Basic Science

Discovery of a 382-nt deletion during the early evolution of SARS-CoV-2

In this study the authors report a novel deletion of the SARS-CoV-2 genome which spans 382 nucleotides within the viral open reading frame 8 (ORF8). Given that ORF8 variants of SARS-CoV play a role in replicative fitness and host adaptation following interspecies transmission, the authors suggest that the identified deletion could possibly lead to an attenuated phenotype of SARS-CoV-2.



SARS-Cov-2 Can Infect T Cells Via Its Spike Protein

Lymphocytopenia is commonly observed in SARS-CoV-2 positive individuals and may be related to the mortality rate for COVID-19. In this study, the authors demonstrate the ability of SARS-CoV-2 to infect T lymphocytes. Furthermore, the authors confirm that the viral spike protein (protein S) -mediated membrane fusion process is responsible for the entry of SARS-CoV-2 into T cells, and propose that other membrane receptors may mediated SARS-CoV-2 entry site for SARS-CoV-2, in addition to the already confirmed hACE2 receptor.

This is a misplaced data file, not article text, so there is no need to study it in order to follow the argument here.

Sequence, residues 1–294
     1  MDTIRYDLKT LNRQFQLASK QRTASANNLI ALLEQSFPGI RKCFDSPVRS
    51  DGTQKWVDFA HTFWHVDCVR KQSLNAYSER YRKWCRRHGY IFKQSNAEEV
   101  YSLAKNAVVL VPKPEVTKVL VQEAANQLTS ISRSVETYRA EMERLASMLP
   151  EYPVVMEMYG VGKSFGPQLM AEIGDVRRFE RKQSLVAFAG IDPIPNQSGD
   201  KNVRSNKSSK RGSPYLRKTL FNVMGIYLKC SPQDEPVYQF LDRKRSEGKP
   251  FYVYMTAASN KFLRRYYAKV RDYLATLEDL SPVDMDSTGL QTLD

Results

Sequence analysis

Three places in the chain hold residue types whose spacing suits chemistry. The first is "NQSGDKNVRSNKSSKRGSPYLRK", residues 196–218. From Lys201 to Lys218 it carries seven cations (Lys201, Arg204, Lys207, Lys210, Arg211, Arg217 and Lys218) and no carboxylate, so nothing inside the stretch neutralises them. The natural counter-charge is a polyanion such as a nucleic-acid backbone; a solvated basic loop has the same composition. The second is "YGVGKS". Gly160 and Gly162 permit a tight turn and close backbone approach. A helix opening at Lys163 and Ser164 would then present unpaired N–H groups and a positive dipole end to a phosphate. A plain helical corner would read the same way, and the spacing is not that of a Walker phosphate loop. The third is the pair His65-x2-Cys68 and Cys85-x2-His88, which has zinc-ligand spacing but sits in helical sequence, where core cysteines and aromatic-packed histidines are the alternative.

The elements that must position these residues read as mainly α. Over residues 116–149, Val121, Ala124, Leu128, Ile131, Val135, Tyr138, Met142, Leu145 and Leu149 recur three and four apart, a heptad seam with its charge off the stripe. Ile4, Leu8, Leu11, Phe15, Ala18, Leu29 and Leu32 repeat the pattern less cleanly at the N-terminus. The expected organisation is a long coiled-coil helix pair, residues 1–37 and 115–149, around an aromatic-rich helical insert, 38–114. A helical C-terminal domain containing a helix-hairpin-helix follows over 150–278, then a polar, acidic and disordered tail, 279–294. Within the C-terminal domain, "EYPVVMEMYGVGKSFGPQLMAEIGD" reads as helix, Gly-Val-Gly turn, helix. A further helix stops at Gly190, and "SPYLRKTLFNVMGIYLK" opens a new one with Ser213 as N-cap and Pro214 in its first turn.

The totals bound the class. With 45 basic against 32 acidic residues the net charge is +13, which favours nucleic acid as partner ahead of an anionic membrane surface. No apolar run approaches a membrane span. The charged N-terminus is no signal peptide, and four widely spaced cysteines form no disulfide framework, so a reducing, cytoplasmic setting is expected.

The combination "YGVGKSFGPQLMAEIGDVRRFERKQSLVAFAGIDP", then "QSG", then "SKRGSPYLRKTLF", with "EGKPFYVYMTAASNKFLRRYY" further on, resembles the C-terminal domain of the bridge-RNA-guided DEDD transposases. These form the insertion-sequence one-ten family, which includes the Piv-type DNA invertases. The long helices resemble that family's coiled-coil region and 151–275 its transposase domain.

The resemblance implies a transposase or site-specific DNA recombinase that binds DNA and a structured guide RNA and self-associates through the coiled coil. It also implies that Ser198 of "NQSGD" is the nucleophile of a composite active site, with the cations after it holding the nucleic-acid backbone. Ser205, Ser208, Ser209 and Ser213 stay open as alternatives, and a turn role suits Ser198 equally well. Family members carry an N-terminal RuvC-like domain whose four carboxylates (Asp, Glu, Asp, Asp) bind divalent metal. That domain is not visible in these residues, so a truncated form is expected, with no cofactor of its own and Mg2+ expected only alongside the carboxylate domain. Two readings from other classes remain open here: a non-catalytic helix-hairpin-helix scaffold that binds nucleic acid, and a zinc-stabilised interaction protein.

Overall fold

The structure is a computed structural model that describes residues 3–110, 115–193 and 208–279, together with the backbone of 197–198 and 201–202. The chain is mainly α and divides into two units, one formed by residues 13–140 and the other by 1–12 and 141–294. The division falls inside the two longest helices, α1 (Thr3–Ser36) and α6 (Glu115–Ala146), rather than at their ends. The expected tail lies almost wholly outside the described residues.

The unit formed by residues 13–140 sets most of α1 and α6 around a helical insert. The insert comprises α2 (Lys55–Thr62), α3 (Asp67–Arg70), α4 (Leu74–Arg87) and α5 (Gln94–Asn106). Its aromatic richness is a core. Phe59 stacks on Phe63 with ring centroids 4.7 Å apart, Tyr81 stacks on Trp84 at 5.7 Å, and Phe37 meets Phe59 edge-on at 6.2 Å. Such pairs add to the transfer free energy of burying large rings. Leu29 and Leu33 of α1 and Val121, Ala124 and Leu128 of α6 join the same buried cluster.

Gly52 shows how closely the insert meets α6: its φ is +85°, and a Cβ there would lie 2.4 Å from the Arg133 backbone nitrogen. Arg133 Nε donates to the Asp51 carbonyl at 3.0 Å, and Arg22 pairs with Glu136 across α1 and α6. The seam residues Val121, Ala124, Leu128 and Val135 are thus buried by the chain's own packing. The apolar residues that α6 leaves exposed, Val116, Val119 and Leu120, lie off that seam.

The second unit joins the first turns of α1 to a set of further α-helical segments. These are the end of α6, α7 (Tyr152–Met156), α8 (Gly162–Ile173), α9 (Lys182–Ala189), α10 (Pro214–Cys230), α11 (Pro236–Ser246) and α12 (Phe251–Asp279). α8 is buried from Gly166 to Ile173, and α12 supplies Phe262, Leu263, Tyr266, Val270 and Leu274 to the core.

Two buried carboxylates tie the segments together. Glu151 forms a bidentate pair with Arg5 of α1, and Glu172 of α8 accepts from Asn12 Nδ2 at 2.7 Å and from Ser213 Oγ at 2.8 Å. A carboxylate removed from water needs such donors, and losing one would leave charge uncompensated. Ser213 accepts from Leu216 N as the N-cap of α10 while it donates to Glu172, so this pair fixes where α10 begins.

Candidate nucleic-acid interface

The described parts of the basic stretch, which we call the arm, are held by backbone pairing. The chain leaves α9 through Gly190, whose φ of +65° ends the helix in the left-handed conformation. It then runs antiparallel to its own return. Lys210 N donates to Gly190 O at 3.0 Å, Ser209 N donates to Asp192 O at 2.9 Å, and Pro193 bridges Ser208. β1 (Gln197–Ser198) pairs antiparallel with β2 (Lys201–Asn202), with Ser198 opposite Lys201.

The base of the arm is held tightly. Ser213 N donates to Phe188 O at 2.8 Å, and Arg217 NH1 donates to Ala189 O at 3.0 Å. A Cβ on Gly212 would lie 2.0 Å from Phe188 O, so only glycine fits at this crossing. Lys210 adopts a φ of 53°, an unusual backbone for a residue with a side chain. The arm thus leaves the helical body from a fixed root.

Coronavirus endoribonuclease targets viral polyuridine sequences to evade activating host sensors

To avoid being recognized by the immune system, coronaviruses (CoVs) express factors that interfere with host sensors. A coronavirus endoribonuclease (EndoU) cleaves a viral PolyUridine Negative-sense RNA (PUN RNA) that would be otherwise recognised by the host sensor MDA5, thus delaying the immune interferon (IFN) response. EndoU is highly conserved in all CoVs, hence it might be used as target for therapeutic approaches.



MINI REVIEW – Analysis of SARS-CoV-2/Human Interactome

To develop therapeutic strategies against SARS-CoV-2, the etiological agent of the novel respiratory tract disease CoViD-19, it is crucial to understand the strategies through which the virus acts. The use of bioinformatics approaches led to the identification of host dependency factors that may mediate viral infection and pathogenesis and can provide key information regarding the molecular targets useful for the development of broad-spectrum antiviral therapies against SARS-CoV-2.


MINIREVIEW: The journey of SARS-CoV-2: from bats to humans, across pangolins

The ongoing outbreak of CoViD-19 is associated with a novel coronavirus, SARS-CoV-2. Although bats (Rhinolophus affinis) are likely natural reservoirs for SARS-CoV-2, an unknown intermediate host might have facilitated transfer to humans. Results of these studies suggest that Malayan pangolins (Manis javanica), like other wild animals, could be considered as possible sources of contagion for novel Coronaviruses and it poses an important concern whether animal species should be removed from wet markets to prevent further zoonotic transmissions.